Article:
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  10. I wrote about this a long time ago: http://sfgiants.scout.com/2/343576.html

    I’m glad that more recent studies using better available data still validates my overall conclusions.

    That is something that most people miss, which is that the odds of a first rounder working well is pretty bad.

    Another conclusion that I covered was that the odds of success in selecting a good player was exponentially better between the top 5 picks and the last 10 picks of the first round, basically the picks that playoff or near-playoff teams got in the draft.

    The difference (roughly 4X) is significant enough to suggest that winning teams have a real disadvantage versus losing teams in terms of rebuilding via the draft, and thus why playoff teams have regularly signed players who had higher first round talent but had fallen due to signability issues. I would like to see this data sliced up that way.

    This is also why comparing how teams did in the first round is a useless exercise for the most part because of the low probabilities involved for the latter picks. At roughly 12% probability (sum of top two above) of finding a good to great player (main reason people interested in the draft), after 5 picks there is still over 50% chance of coming up with no good player selected. And even after 10 picks, there is still nearly a third chance (28.5%) that a team ends up not selecting a good player, simply from random luck.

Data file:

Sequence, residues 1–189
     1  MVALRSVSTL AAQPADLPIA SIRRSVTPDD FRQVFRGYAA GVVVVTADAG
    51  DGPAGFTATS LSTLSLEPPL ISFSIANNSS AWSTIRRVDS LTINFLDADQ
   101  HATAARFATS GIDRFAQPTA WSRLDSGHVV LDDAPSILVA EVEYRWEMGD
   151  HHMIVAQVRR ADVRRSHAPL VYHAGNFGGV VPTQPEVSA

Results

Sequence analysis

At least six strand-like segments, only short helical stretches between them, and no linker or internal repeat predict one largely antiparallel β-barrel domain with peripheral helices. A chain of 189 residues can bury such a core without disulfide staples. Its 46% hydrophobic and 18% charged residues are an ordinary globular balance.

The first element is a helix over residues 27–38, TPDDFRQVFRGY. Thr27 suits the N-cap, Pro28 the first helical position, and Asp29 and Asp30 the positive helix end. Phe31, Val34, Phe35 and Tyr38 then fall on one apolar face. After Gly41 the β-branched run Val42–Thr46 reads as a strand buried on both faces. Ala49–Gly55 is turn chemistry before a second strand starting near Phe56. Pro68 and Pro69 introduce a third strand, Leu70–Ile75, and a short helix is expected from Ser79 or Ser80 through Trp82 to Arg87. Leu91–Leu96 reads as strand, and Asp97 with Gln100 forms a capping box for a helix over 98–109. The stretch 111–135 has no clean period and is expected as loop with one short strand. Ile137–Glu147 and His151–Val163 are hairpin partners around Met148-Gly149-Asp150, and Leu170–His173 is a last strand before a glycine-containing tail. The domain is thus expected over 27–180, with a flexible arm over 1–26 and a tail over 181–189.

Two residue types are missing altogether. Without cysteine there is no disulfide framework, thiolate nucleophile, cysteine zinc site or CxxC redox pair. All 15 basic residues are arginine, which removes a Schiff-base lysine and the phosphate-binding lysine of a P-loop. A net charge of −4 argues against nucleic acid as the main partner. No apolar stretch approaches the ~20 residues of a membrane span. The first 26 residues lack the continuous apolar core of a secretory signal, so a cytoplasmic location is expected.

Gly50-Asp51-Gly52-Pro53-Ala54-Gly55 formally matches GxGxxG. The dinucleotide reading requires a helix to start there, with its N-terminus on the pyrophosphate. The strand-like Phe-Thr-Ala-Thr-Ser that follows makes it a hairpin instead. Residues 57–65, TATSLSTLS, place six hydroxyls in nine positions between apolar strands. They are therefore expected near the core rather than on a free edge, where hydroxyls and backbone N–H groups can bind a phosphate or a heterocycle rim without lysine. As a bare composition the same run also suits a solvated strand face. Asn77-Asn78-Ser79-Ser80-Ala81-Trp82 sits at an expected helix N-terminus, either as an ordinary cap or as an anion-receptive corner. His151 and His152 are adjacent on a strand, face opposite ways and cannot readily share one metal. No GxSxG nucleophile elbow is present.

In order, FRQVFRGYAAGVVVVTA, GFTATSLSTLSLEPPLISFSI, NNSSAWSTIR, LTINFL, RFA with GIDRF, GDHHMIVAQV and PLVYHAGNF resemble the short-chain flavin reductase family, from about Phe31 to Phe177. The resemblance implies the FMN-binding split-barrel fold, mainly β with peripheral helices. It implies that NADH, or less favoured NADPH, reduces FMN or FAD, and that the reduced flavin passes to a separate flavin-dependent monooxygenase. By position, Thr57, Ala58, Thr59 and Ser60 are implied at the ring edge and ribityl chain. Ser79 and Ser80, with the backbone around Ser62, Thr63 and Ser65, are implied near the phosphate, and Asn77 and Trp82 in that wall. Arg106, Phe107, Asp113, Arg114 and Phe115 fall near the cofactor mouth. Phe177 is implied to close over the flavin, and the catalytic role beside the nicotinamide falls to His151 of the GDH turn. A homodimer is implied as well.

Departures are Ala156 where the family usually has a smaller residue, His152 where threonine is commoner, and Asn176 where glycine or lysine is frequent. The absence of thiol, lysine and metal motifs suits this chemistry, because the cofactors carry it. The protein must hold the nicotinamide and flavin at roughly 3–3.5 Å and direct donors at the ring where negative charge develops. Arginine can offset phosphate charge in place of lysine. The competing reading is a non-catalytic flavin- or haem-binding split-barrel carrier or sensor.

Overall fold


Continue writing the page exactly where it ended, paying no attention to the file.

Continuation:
Winning teams find little success in drafting in the back of the first and thus had to adjust and sign those considered unsignable in a later round. The Giants appear to have started that trend with their signing of Travis Ishikawa in a much later round for roughly first round money, and teams have moved up until now teams regularly select prospects who fell due to signability issues in the late first round.